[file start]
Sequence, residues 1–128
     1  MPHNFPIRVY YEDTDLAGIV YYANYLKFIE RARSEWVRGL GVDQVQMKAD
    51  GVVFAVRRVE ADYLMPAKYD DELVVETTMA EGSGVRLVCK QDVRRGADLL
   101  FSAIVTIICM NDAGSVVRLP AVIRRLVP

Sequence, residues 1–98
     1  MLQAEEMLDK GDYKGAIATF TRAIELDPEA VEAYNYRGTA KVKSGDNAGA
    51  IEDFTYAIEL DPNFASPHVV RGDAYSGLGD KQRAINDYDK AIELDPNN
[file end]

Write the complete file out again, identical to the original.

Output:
Sequence, residues 1–128
     1  MPHNFPIRVY YEDTDLAGIV YYANYLKFIE RARSEWVRGL GVDQVQMKAD
    51  GVVFAVRRVE ADYLMPAKYD DELVVETTMA EGSGVRLVCK QDVRRGADLL
   101  FSAIVTIICM NDAGSVVRLP AVIRRLVP

Sequence, residues 1–98
     1  MLQAEEMLDK GDYKGAIATF TRAIELDPEA VEAYNYRGTA KVKSGDNAGA
    51  IEDFTYAIEL DPNFASPHVV RGDAYSGLGD KQRAINDYDK AIELDPNN